The argument that government funding allows penniless individuals access to the arts is a fallacy. Most of the funds go to immensely rich organisations that often cater to a very limited section of society. For example, post-modernist art appeals to a tiny minority, and its funding has no arguable benefit for most of the public. The only time I have vaguely approved of a Labour minister was when Kim Howells said of the Turner submissions, “If this is the best that the British art establishment can come up with, God help us. It consists entirely of conceptual bullshit and the final insult was to walk through a room of Francis Bacons and Henry Moores that exude artistic ability and humanity.” The often-used argument that post-modernism should appeal to classical liberals because its iconoclasm is a strong example of individualism is nonsense; these so-called artists subsist on the involuntary contributions of the collective.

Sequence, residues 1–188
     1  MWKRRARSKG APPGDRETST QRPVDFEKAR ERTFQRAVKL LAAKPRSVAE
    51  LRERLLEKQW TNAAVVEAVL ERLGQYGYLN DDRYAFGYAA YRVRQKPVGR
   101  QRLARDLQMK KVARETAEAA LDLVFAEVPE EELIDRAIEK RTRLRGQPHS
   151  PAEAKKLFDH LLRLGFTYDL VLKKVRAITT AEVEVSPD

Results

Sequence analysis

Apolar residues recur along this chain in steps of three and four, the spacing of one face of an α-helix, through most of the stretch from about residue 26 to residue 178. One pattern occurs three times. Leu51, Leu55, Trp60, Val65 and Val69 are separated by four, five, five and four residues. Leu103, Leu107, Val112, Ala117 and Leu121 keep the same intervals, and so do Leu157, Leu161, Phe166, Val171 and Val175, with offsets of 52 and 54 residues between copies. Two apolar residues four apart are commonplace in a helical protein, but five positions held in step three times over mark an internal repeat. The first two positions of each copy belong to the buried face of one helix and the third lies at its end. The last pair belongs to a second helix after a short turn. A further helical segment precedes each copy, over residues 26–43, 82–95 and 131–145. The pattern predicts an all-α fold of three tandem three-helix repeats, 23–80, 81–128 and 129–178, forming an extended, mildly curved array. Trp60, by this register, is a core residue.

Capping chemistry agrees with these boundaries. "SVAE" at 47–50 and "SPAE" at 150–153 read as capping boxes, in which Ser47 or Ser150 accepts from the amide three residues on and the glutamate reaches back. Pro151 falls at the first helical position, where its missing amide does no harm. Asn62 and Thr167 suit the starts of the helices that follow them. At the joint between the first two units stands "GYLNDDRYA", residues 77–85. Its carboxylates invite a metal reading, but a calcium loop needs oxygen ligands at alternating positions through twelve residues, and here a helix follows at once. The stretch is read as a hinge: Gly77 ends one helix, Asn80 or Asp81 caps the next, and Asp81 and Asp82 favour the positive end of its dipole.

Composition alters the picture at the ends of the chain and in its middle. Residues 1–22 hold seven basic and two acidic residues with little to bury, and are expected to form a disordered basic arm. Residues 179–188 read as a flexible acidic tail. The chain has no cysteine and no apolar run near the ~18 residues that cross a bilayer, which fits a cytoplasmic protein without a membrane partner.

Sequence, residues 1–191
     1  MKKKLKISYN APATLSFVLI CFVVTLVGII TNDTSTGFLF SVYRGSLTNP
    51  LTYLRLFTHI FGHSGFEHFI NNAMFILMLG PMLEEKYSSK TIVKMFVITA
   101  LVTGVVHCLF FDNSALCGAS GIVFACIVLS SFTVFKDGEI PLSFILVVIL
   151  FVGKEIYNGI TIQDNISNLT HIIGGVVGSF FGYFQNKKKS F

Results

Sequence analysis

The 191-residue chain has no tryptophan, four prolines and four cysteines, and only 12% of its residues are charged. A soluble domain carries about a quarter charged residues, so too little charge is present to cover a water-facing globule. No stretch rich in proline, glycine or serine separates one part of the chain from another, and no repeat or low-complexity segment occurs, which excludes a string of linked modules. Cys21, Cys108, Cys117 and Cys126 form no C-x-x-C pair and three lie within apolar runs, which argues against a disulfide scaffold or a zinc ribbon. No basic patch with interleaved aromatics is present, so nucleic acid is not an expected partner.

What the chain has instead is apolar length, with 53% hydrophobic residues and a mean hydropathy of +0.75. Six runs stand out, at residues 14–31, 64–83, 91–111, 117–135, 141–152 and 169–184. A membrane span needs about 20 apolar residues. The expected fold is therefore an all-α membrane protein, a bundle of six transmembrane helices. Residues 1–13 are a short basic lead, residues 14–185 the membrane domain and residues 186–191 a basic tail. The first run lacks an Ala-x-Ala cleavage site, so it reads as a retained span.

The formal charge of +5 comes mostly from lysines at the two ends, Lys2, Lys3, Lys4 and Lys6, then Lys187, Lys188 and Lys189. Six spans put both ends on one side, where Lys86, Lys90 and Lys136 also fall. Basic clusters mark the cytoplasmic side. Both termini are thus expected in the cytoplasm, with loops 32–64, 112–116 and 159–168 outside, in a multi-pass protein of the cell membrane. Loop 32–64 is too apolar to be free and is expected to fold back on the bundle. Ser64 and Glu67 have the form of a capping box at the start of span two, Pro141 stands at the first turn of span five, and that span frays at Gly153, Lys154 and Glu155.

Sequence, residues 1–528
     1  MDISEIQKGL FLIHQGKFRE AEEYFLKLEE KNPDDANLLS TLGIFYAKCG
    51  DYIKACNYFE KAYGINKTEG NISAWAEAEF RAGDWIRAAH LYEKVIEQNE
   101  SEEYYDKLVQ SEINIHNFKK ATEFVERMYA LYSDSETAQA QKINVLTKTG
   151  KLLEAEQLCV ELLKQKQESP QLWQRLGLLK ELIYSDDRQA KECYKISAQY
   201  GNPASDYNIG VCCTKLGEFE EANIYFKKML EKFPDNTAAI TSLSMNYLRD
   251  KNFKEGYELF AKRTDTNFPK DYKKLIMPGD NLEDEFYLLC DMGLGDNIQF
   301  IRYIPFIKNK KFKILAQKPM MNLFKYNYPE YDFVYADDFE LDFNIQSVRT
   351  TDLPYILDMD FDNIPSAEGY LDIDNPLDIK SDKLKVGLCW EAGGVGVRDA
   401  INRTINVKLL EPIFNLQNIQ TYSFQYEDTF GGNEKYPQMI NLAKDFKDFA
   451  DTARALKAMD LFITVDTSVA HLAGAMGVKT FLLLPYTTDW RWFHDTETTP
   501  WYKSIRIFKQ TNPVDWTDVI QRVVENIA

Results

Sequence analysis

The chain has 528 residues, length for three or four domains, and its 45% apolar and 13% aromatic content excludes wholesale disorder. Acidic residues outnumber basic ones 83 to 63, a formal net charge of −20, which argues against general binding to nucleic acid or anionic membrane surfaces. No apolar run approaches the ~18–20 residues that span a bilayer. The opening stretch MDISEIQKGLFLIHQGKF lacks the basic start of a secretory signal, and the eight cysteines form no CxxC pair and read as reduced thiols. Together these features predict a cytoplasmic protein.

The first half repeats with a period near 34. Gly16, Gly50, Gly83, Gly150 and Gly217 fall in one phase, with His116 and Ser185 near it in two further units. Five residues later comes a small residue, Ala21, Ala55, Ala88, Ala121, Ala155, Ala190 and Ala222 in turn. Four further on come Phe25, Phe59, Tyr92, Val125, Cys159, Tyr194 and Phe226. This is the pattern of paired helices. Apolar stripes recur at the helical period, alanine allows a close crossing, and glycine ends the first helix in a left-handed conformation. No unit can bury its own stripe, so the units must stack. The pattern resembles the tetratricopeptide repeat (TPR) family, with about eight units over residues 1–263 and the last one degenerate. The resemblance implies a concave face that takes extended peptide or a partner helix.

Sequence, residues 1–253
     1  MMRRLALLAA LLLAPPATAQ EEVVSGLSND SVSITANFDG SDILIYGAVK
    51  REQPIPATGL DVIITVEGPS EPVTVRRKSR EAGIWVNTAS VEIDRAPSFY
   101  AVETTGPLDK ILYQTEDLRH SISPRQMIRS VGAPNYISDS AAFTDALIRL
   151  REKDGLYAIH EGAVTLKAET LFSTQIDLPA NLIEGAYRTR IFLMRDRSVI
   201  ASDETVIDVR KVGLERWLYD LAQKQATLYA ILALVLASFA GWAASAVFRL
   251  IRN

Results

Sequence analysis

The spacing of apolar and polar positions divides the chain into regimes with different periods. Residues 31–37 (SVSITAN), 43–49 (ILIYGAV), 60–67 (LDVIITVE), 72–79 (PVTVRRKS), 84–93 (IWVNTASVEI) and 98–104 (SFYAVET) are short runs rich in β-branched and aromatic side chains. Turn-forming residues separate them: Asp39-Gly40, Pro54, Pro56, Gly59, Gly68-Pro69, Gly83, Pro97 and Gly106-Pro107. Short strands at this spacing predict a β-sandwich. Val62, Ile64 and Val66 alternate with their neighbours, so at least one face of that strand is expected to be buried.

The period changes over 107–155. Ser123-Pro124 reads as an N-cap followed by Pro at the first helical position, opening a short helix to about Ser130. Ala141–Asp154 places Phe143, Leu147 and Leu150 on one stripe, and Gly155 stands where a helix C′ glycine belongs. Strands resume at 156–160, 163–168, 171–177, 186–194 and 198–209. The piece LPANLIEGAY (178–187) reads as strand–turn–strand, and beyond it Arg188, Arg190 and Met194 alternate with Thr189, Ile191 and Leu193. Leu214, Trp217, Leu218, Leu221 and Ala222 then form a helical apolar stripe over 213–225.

Government funding also jeopardises the independence of the arts. Not only does this interference reveal the consequences of pseudo-multiculturalism, it can constrict the variety of art produced. Ralph Waldo Emerson stated that, ‘Beauty will not come at the call of the legislature…. It will come, as always, unannounced, and spring up between the feet of brave and earnest men.’ David Sawers has noted that British government subsidies reduce the choice and variety in the art world, whereas privately venues are more flexible, and are responsible for many different artistic genres, such as the recent revival of early music.